Sure, some of may have heard that a messy desk is a sign of genius, but as your parents always tell you, clutter isn’t healthy. This is because your well-being could become victim to the “clutter effect”, which relates to stress, life satisfaction, physical health, and cognition. Recent scientific studies have revealed how clutter compromises an individual’s perception of home, and ultimately feelings of satisfaction with life. Here’s what they found if you have a messy life:
1. You Eat More Junk Food
Do you realise that you actually eat more junk food if your kitchen is chaotic? A recent study showed that those who were disorganised and messy ate twice as much junk food as those in a non-chaotic kitchen. This could be because they’re more stressed by the mess.
2. Your Room is Your Enemy
Having too many things in too small a space in your room will make you confuse your room’s identity. Your room should be a retreat from the outside world, and a messy room makes it feel like the enemy, not a friend.
3. You Have Higher Stress Levels
Everyone is familiar with the idea that an uncluttered room creates a calm and zen environment which is good for ‘mental hygiene’. One research on workplace satisfaction found that while being able to personalise their surroundings is beneficial, when their environment become cluttered, the employees were less efficient. This means that feeling stressed from a cluttered table is enough to cause anyone’s mental hygiene to deteriorate – as you’ve probably experienced yourself when you can’t find that thesis you worked so hard for is lost under that pile of mess.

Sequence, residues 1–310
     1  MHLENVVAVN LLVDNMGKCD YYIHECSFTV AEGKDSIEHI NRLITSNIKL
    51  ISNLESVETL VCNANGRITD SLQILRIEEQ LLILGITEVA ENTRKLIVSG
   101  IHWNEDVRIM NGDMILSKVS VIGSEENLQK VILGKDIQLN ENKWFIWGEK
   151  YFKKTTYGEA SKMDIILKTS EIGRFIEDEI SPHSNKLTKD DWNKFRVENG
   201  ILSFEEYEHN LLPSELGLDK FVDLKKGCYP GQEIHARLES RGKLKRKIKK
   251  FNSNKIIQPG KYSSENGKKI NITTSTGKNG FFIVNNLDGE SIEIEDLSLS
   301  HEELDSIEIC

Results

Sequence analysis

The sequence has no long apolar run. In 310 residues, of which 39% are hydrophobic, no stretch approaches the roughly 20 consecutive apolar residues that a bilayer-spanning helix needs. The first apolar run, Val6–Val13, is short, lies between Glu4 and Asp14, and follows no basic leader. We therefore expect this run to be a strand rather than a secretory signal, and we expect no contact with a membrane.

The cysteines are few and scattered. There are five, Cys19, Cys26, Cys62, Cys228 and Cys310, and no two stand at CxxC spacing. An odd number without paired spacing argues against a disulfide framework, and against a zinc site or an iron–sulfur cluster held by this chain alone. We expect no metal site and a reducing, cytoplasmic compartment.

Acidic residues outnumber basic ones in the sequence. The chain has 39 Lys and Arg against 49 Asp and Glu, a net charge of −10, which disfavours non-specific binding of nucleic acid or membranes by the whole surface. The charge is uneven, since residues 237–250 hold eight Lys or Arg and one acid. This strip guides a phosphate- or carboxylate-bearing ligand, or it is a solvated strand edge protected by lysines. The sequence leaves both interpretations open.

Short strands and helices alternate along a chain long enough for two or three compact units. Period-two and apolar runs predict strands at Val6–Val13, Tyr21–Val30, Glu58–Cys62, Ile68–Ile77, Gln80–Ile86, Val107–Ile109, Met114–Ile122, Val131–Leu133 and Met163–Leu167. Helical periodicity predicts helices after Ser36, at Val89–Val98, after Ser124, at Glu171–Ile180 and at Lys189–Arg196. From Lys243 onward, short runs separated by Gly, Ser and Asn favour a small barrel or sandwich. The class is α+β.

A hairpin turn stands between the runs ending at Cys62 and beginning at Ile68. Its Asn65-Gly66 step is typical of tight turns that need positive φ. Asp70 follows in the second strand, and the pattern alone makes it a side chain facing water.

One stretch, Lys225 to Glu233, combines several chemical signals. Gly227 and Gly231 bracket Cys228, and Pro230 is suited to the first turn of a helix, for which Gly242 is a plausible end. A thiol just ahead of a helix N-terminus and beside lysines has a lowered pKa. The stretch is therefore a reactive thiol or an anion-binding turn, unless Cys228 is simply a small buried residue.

4. You Can’t Process Emotions Well
It’s hard to read people’s emotions when they’re surrounded with clutter. In movies, you don’t find messy backgrounds to detract from the actor’s emotions, so the same applies in real life. For an experiment, try and gauge what your messy professor (we all know one) is feeling when they’re seated at their messy desk.
5. Your Memory Suffers
You’ve probably experienced ‘mental clutter’, a feeling when you can’t seem to focus on one thing. It’s especially prevalent if you’re a messy person since everything around you wants your attention. With mental clutter, in theory, you’ll be slower and less efficient in processing information – it’s a leading cause of old-age memory loss. This translates to compromised short-term memory tasks (Did you forget to return the library book? Did you forget the speaker’s name?), as well as long-term mental exercises where you may struggle to remember things you should already know because you have a million things in your head, but you can’t pick out a single one of them.
So do your poor brain a favour, and get rid of the clutter – in your home, your desk. You may just realise how a clean environment is so important to being happy.